The Social Security Administration may have made a few overpayments between December 2010 and January 2013.
According to a new report from the Government Accountability Office, close to $1.3 billion in social security overpayments was handed out to about 36,000 individuals.
The CS Monitor reports that most of the improper disability payments were handed out to people who already had jobs. Social Security spokesman Mark Hinkle noted that the overpayments represent less than 1% of beneficiaries and less than 1% of disability payments.
Hinkle said that the SSA would be investigating to see if what caused the overpayments.
Hinkle said: “We are planning to do an investigation, and we will recoup any improper payments from beneficiaries… It is too soon to tell what caused these overpayments, but if we determine that fraud is involved, we will refer these cases to our office of the inspector general for investigation.”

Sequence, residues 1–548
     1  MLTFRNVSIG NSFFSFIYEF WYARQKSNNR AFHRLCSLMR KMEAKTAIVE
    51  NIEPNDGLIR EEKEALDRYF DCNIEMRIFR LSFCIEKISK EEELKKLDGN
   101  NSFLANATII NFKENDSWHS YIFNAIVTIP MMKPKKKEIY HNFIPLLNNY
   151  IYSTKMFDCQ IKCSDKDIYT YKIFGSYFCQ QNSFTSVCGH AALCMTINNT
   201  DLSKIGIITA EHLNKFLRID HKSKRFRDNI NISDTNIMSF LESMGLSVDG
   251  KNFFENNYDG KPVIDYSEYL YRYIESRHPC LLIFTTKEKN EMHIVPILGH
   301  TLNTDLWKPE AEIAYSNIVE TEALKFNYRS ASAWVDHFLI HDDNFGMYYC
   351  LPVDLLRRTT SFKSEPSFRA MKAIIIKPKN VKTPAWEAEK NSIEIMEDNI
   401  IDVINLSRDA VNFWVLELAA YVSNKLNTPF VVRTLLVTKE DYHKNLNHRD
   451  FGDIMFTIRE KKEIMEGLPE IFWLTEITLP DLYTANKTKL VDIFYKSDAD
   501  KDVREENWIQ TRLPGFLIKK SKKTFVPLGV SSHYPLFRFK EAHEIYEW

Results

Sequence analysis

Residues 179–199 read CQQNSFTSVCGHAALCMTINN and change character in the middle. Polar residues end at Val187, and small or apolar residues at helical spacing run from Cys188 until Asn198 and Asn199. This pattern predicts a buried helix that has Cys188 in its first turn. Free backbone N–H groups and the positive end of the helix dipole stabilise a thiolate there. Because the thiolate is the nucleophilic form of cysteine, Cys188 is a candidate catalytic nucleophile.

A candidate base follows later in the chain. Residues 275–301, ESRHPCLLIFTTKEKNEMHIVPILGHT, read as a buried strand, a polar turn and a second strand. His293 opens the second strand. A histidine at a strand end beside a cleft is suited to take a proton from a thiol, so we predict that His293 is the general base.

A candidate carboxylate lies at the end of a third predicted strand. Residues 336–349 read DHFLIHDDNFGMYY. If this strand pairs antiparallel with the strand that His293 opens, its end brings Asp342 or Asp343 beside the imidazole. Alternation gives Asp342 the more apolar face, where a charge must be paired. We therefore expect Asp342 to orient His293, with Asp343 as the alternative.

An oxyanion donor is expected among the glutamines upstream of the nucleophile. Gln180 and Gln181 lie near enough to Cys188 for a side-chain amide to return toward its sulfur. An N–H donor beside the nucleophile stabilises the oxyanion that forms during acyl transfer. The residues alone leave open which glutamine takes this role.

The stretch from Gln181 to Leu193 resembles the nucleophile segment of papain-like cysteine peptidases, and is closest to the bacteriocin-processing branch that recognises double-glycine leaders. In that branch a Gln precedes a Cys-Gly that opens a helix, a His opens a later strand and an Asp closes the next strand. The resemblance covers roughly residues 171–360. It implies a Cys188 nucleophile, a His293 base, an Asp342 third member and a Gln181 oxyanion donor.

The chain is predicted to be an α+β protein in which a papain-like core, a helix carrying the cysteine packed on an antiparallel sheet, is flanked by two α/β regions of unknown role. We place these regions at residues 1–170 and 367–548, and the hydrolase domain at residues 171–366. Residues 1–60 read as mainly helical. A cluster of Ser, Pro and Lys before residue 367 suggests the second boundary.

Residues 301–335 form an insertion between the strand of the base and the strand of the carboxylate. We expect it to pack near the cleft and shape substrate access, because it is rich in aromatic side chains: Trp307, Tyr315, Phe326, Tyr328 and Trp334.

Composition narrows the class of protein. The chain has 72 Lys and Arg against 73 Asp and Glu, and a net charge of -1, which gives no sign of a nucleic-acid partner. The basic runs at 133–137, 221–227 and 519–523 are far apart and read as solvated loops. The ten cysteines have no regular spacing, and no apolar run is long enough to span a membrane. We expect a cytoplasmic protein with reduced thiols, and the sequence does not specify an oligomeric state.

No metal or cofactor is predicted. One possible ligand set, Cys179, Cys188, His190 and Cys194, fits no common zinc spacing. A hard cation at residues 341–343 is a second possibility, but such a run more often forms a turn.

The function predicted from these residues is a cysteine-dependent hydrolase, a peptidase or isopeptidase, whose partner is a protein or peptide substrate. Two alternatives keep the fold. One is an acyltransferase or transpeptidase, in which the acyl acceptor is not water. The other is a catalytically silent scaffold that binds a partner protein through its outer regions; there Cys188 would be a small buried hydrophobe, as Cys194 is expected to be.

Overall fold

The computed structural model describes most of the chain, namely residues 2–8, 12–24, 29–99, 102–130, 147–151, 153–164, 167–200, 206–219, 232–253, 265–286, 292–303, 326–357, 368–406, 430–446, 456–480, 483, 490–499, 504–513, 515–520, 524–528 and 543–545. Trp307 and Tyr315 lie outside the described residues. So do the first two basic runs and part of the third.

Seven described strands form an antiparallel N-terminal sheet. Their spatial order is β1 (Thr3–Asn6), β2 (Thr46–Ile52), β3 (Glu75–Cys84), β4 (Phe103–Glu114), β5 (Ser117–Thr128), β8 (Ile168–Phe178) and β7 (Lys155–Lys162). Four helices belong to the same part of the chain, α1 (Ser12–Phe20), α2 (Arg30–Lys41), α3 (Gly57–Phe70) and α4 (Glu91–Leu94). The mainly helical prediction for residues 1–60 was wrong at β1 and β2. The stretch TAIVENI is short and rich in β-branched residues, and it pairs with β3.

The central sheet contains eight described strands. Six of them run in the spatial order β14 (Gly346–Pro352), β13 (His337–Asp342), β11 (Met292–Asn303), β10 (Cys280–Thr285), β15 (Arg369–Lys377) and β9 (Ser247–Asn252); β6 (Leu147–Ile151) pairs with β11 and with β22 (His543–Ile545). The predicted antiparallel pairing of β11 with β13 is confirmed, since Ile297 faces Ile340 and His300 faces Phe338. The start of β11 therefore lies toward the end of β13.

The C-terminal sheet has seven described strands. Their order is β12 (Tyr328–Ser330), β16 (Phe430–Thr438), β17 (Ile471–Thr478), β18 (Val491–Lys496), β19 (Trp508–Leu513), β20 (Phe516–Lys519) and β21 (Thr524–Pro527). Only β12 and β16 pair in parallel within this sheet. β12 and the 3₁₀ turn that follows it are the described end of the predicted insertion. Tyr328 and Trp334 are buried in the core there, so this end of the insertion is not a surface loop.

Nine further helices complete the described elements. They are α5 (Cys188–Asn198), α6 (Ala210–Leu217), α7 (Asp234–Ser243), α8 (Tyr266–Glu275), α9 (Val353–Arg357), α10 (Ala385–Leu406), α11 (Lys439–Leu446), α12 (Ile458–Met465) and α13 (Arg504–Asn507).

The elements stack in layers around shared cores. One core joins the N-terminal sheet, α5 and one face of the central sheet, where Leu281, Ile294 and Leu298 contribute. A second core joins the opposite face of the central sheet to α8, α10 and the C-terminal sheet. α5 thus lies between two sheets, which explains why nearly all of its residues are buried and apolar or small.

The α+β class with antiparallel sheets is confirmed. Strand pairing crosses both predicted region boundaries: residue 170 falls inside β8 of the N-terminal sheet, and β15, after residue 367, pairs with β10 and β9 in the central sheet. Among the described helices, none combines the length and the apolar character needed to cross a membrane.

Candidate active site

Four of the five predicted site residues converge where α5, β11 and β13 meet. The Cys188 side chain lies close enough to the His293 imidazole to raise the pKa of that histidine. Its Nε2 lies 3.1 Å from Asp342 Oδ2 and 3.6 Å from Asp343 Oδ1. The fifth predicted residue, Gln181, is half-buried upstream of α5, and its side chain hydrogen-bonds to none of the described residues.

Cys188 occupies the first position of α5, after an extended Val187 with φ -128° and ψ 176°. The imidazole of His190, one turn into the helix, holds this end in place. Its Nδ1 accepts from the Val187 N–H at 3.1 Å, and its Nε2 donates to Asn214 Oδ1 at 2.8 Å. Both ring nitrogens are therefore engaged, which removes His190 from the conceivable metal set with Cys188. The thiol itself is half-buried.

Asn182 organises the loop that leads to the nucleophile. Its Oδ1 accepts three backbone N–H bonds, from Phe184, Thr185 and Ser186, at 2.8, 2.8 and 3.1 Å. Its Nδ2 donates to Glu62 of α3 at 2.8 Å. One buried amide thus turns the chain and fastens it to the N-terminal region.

CNN reports that disabled workers can receive benefits for up to nine months after they enter a work trial. The GOA report states that the SSA continued to hand out payments long after the nine-month period had ended. The report includes two examples: One involves a woman who received $74,000 after the nine-month period was over and another involved a man who received $57,000 in social security overpayments.
Hinkle added: “While our payment accuracy rates are very high, we recognize that even small payment errors cost taxpayers.”
Fox News reports that more than $137 billion was paid out to close to 9 million disable workers last year.
The Social Security’s disability program is currently facing a financial crisis. The administration will run out of funds for the disability program by 2016 and is asking for help from congress. The GAO said that it has provided recommendations to the Social Security Administration to avoid future overpayments but added that it still needs congress to act soon.
Sen. Tom Carper, D-Del., chairman of the Senate Homeland Security and Governmental Affairs Committee, said: “The report lays out clear, common-sense steps that the agency can and should take in order to avoid improper payments… However, if we’re serious about preventing waste and fraud and ensuring that these critical benefits get to the people who need and deserve them, Congress must also do its part and provide needed resources and access to basic anti-fraud data to the Social Security Administration.”